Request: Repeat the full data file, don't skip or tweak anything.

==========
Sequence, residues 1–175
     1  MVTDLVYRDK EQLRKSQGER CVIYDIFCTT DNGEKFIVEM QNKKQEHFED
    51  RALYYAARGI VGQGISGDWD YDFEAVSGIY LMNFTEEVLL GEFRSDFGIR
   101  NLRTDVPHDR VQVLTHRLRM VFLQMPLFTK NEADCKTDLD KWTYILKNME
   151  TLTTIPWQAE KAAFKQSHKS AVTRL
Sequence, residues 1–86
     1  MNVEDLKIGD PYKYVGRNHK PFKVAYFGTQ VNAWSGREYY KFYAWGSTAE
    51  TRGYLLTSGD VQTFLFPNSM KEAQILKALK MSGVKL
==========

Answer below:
Sequence, residues 1–175
     1  MVTDLVYRDK EQLRKSQGER CVIYDIFCTT DNGEKFIVEM QNKKQEHFED
    51  RALYYAARGI VGQGISGDWD YDFEAVSGIY LMNFTEEVLL GEFRSDFGIR
   101  NLRTDVPHDR VQVLTHRLRM VFLQMPLFTK NEADCKTDLD KWTYILKNME
   151  TLTTIPWQAE KAAFKQSHKS AVTRL
Sequence, residues 1–86
     1  MNVEDLKIGD PYKYVGRNHK PFKVAYFGTQ VNAWSGREYY KFYAWGSTAE
    51  TRGYLLTSGD VQTFLFPNSM KEAQILKALK MSGVKL